Film is about 125 years old, television nearing 90 and this week: Jokerside turns three! As the next year will see this blog cast its sideways glance even further – with even more splintering of pop culture to come – this anniversary is marked by the start of a new series. Jokerside’s Fictionside will look at storytelling trends and memes – in this first instalment, five recent ways that Hollywood has coped, or perhaps failed to cope, with ageing franchises.
SOMETIMES IT’S BEST TO START SMALL, AND THAT’S BY NO MEANS LESS. 1976. WHEN THE DOCTOR WHO PRODUCTION TEAM TEMORARILY GAVE WAY TO FOURTH DOCTOR TOM BAKER’S CONVICTION THAT HE DIDN’T NEED A COMPANION IT WENT FAMOUSLY WRONG. But that resultant mess, where the Doctor is forced to talk to himself, there aren’t traditional characters to draw out the danger and in its place are long, dull scenes, failed to materialise as the ever-brilliant Robert Holmes crafted a classic tale from adversity. In fact, the fantastically named The Deadly Assassin, heralded a number of reboots. A key one was controversially defining the Time Lord culture that the Doctor had rejected – an astonishing 13 years into the show’s lifetime. But then Doctor Who is a show that, thanks to luck, brilliant decision-making and the marvellous eccentricity of its state-owned production company, has change built into its core. From one episode to the next the sets, characters and even the lead actors can be completely different. That poses a huge and irresistible challenge and one that hopefully can roll on forever. But it’s a freedom that’s all too rare in fiction, scared as it is to paint itself into a box with confidence that a writer, as should be their raison d’etre, can paint themselves out of. Even in Who’s incredible fictional framework, one which had no issue with running that small mid-70s experiment, we have a great demonstration that reboots often don’t go the way they should.
And that’s on television. On film things are slower. Much slower.
Hollywood’s war of franchises may be more heated than ever as studios create, reassert, reboot and continue whatever their rights can manage. It may seem that a lot of energy falls on that mythical and never ending quest to find a new young adult property, as indeed it does, but there are older blockbuster sagas that have asked the question. And the answers vary greatly.
Aging Action – James Bond
Method: Whether shamelessly ignoring continuity or making a joke of it, there aren’t any hints or suggestions that marketing and a few years can’t spin. Welcome to timelessness.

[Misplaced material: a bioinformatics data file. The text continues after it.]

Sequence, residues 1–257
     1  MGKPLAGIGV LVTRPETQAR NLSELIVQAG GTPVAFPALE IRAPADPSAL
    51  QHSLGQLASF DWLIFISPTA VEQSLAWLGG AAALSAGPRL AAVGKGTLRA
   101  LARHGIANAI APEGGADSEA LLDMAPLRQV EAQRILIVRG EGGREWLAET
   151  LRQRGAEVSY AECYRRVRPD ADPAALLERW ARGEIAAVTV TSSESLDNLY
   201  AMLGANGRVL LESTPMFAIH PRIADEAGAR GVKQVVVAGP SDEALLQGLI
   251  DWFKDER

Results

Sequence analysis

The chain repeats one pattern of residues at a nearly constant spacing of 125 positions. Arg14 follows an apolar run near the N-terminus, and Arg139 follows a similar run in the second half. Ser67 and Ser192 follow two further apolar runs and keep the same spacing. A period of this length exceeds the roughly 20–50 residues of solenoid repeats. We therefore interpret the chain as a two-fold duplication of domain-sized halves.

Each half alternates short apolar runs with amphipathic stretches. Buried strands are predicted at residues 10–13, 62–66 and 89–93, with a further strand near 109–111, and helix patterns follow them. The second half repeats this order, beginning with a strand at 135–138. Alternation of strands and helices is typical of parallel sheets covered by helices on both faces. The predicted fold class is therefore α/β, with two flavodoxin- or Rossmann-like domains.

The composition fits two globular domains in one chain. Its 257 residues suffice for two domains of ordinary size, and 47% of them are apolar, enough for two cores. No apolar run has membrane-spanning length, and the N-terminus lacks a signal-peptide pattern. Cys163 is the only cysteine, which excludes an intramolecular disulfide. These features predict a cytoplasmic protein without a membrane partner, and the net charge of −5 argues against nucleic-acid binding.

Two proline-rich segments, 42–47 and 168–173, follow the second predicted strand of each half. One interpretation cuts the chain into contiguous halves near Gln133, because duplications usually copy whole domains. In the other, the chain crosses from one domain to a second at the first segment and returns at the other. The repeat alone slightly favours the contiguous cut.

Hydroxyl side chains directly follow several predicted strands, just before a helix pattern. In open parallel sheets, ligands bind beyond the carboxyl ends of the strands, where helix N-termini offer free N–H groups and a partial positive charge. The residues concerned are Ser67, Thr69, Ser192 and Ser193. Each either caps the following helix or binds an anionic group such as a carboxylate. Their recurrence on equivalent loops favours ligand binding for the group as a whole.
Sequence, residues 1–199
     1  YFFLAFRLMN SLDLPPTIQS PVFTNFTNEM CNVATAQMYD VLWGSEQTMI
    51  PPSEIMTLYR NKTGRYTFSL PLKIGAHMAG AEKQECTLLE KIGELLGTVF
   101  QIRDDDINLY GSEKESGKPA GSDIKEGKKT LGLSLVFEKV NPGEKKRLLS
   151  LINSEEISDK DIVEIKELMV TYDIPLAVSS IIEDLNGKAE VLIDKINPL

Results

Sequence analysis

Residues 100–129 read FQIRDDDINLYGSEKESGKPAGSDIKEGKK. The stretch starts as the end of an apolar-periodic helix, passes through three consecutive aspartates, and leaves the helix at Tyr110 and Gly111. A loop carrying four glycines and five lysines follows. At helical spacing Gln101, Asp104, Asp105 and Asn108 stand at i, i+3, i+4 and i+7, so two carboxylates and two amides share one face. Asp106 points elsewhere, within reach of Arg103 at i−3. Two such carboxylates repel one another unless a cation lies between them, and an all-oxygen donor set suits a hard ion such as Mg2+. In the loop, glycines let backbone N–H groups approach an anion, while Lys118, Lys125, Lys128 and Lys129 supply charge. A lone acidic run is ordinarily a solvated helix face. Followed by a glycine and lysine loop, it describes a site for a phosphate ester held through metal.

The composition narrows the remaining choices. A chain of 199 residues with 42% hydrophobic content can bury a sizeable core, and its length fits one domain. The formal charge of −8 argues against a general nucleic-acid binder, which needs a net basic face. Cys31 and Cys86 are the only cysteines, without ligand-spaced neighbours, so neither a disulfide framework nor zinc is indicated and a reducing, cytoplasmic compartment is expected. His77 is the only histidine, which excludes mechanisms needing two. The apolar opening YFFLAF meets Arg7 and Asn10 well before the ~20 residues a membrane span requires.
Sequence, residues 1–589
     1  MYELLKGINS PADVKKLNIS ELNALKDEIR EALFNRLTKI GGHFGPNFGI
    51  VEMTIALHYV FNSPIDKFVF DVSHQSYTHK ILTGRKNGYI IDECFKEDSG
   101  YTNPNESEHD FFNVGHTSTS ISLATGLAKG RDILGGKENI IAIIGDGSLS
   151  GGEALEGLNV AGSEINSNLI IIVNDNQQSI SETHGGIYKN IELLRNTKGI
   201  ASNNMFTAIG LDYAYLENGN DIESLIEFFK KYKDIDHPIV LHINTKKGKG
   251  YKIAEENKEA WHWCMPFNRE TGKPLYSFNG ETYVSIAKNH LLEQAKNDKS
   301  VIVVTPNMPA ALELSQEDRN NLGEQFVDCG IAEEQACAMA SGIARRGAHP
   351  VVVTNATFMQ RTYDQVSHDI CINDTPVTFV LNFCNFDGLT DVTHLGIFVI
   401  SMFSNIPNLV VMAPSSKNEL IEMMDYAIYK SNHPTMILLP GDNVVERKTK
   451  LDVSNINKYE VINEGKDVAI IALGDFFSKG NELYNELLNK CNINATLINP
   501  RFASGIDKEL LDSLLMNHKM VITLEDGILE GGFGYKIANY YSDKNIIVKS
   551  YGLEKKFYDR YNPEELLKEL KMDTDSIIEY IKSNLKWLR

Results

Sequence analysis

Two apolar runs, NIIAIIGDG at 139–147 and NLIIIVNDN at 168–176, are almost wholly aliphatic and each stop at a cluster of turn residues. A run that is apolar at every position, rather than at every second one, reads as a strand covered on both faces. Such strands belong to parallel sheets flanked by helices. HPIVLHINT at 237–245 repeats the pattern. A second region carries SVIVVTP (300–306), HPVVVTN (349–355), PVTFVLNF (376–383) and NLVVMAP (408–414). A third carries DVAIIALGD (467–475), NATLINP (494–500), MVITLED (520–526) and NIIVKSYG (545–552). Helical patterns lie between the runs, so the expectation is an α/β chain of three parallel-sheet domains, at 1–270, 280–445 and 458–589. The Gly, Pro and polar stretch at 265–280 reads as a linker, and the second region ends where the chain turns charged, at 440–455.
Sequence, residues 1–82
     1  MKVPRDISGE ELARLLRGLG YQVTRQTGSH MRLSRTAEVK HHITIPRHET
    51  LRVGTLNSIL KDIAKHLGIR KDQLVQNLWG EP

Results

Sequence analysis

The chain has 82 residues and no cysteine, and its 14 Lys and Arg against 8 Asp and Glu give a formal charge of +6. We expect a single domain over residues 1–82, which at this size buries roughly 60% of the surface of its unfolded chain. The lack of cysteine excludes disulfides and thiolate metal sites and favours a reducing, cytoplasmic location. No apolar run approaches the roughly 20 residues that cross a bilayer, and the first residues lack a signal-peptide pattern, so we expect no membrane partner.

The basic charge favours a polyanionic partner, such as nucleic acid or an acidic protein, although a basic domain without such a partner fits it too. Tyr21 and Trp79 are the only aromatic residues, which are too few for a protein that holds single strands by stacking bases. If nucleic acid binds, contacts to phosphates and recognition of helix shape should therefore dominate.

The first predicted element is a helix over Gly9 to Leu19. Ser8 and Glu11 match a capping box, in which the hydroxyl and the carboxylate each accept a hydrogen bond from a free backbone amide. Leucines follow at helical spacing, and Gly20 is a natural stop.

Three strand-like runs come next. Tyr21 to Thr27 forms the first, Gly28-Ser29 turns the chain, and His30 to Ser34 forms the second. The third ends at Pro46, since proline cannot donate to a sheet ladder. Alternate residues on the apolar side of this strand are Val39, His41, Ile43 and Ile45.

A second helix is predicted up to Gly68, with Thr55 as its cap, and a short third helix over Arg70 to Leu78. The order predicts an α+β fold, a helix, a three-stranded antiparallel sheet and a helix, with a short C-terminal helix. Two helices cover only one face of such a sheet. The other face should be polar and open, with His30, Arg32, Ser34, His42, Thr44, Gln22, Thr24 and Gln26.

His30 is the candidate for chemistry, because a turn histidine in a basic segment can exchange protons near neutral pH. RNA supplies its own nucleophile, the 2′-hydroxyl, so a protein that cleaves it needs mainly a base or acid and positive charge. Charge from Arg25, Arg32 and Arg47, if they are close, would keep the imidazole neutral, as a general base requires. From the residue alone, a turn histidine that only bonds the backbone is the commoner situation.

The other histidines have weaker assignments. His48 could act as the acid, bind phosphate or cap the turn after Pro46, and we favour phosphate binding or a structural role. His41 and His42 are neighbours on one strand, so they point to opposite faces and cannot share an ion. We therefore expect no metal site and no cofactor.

The franchise has remains charged by that cusp it emerged from
A worthy early nod to the British-themed champion of change. Is there a coincidence that Britain lies behind Bond and Who, if not always in money and creative talent? Certainly changes in British society have been tied into the genesis of both. While the Doctor would struggle to hide away in an East End Totters Yard in a Police Box these days, unlike his birth 18 years after the Second World War, Jamaica had gained independence from the shrinking British Empire in the time between the first Bond film, Dr No’s filming and release in 1962. The franchise has remained charged by that cusp it emerged from, external change and Bond’s response to it has played very real role in the super spy’s longevity.
In 2012 Jokerside looked at the intricacies of the Bond timeline, a vague and intriguing string of adventures that have often shamelessly overcome any sticking points by confronting them early and full on. Even when Bond changed his looks five films in, the script took pleasure in smashing these alterations through the fourth all (with the rather balletic punch of George Lazenby). In dropping back to a more faithful take on Fleming, it even had Bond meeting Blofeld for the first time in the second film in succession. It was clear that consistency wasn’t a top priority – clearly a less important consideration in the 1960s without home media. And as wonderful as On Her Majesty’s Secret Service is, the return of Sean Connery in the following film left the real legacy of OHMSS as proving that audiences accept a change of Bond.